My teen years were spent with news reporters, columnists, politicians, judges, magistrates, barristers, criminal lawyers, advertising executives, and media bosses (the ‘big fish in a little pond’ variety) floating in and out of the family home on a regular, if not daily, basis. I once worked as a legal secretary and court transcriptionist (*edit: as well as a restaurant reviewer and a ‘tongue-in-cheek’ astrology columnist for a local rag at the time).
My father was actively involved in local politics, while siblings and I were frequently subjected to many a heated political debate wafting down the corridors of the family home, over glasses of ‘Champers’, Pinot Noir, and Port, where decisions that would affect the general public were made in secret, between ‘mates’, whether the public liked it or not. If the walls could talk, indeed.
What I carried away with me into my adult years, wasn’t a healthy respect for media, judicial, and advertising decision-makers, but a sincere loathing for what appeared to me to be their delight in sensationalizing and feasting on misery, colouring it with bias, and thrusting it upon a public they seemed intent on desensitizing to the horrors in the world. I sincerely believe I’m not alone in this sentiment.
I don’t, for one moment, doubt that there are reporters, like yourself, endeavoring to do the best they can; not all reporters are created equal, and not all reporters represent the final decision-makers behind their jobs. I doubt you personally would have taken a morbid and sensationalistic delight in photographing/filming a (*the) man who was unavoidably about to be run over by a train, much less desire to contribute to it being splashed across the front page of your local newspaper, or replayed dozens of times on your local television news, which is entirely my point about – and objection to – the media.
After realizing just how unhealthy an impact the media in general was having on my emotional and psychological health, I made a conscious decision to stop supporting it, in much the same way many soapmakers have stopped supporting the palm oil industry in protest over those who show little regard for Orangutan habitats (in some areas), until, and if, all palm oil is proven sustainable.
My bottom line was, and remains, that I don’t want to be bombarded with scenes of murder and war. I don’t want to be desensitized to cruelty and murder. I don’t want to be ‘persuaded’ into becoming irrational about those who don’t fit in to Western cultural values. I don’t want to be persuaded into the irrational - and erroneous – belief, that one religious extremist group is better or worse than another, by a blinkered and biased media. I don’t want to be ‘entertained’ with the constant, detailed, retelling of the sexual abuse and torture of women and children. I don’t want to become so desensitized, that tragedy becomes ‘just another day’.
Again, I will say, as I’ve said elsewhere, if life is what we make it and what we focus on, then why do so many choose to focus on destruction, misery, greed, and death? Why is there an entire industry dedicated to keeping it alive? Criminals and politicians benefit from constant media exposure, while the public gains little more than something else to be anxious, fearful, cynical, and miserable about.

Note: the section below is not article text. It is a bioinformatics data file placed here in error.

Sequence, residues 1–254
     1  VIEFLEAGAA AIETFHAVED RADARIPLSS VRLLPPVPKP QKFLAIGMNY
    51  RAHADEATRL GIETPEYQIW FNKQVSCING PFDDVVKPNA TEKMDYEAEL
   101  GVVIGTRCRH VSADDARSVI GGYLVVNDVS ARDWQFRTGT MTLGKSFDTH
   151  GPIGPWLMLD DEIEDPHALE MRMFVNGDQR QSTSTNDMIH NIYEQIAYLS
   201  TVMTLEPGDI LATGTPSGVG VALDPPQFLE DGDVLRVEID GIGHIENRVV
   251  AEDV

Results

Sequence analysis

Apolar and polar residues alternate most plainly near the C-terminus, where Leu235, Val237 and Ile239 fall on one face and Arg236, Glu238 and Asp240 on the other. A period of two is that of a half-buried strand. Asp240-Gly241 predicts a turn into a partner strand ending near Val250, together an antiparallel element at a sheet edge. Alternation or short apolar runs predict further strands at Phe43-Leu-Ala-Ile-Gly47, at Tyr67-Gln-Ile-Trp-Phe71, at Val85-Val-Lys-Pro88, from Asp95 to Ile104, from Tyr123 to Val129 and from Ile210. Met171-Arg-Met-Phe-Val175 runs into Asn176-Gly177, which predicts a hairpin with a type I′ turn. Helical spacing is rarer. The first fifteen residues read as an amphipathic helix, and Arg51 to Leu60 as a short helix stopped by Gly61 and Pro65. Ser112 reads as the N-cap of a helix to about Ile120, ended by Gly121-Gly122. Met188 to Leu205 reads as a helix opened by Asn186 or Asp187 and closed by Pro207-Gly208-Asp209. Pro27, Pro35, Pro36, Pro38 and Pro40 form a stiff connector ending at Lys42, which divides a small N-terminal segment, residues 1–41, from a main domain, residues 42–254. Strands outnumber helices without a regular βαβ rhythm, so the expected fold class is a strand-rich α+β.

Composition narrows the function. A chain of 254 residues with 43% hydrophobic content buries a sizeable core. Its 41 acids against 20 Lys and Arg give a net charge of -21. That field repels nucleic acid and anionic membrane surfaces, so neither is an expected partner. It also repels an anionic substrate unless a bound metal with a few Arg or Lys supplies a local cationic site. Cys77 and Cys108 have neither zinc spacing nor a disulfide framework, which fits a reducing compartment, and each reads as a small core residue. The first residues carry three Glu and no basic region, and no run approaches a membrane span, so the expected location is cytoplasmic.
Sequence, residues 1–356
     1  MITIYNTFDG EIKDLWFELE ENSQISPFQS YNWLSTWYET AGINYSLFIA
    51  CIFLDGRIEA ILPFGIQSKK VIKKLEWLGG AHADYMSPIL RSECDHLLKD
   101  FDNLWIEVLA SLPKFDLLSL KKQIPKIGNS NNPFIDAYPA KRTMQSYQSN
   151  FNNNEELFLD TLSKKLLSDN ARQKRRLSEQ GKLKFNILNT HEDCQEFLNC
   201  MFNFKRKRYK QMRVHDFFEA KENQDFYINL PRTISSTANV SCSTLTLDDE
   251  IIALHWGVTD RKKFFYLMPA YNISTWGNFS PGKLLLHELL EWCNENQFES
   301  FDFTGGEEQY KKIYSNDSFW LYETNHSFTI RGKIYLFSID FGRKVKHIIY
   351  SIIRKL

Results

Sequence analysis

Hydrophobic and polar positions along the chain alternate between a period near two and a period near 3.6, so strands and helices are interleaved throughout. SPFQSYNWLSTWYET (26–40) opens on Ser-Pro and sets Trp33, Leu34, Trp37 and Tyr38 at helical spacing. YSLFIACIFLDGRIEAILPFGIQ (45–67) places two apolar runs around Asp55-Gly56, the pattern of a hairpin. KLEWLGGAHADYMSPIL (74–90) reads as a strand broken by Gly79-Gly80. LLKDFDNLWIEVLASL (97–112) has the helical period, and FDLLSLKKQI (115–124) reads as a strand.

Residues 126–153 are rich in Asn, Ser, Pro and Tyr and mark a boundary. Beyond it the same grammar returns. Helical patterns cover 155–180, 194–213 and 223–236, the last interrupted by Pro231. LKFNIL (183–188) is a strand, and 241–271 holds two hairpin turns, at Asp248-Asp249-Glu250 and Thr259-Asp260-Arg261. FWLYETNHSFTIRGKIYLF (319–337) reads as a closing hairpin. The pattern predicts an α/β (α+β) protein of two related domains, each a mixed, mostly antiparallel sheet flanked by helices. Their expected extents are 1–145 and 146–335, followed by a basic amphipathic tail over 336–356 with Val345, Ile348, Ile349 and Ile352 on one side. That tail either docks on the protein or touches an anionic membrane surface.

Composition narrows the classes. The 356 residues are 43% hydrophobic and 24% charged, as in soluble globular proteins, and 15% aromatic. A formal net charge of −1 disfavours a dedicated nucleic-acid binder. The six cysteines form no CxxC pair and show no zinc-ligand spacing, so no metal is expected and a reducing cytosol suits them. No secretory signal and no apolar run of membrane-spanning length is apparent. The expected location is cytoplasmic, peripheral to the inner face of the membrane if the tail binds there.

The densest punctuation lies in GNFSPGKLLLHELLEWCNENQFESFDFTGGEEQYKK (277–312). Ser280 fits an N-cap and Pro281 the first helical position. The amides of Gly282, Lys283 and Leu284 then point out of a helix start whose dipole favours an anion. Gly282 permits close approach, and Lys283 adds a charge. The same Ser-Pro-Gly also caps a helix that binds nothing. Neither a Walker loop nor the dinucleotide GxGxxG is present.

I didn’t own a television or buy newspapers and magazines to be brainwashed, and I don’t own them now for the same reason.
Thank you again for sharing your views with me, Garry. I appreciate the opportunity of being able to clarify my stance, which I hope I’ve now accomplished.
Hi, Gabrielle at the bottom of the Planet!!
Well, you’ve made my day with your response!! This is what I used to enjoy during my working years when I made contact with folks who criticized me and the media. It is easy to savor the praise. It’s harder to communicate with those who criticize. Some used to write in crayon spewing racial epithets among other ignorant rants.
You’ve cut right to the heart of the problem by targeting the decision makers, the “suits” I alluded to in my missive to you. They are the ones who mandate getting the insensitive video and outrageous interviews. Then, they deny such behavior when questioned by critics, letting the sword fall on those who work in the field.
They do NOT care!! All they want are the ratings and the ad revenue.
It’s not a new problem.
I recall reading a bio about one of my heroes, Edward R. Murrow, a pioneer in radio and TV news reporting. I always thought of him as a man who did it his way with little interference. I was so wrong. Murrow, the legend, had the same complaints about the same “suits” who gave me so much grief. Goes with the territory. I guess it always will.
I am curious about your youth and the folks who criss-crossed your life and your Father’s life. It sounds very interesting!! I’d love to hear more. Gabrielle, thanks for taking the time to share YOUR views. So much gets lost or misunderstood in these social network exchanges. I hope we can continue to exchange thoughts. Maybe it’s the beginning of a very nice friendship.
All the best!!
One final note: Do you recall the scene in the movie ‘Merlin’ – starring Sam O’Neill – where the people stood together and turned their backs on Queen Mab, so that she ceased to exist? That single scene says it far more elegantly and poignantly than I could (but I’ll try anyway): the more people turn their backs on those things that keep their lives imprisoned in fear, uncertainty, hate, and misery, the sooner they cease to be relevant, and the sooner they cease to exist. Simplistic? Maybe. Effective? I believe so, yes. A silent, non-violent, revolution.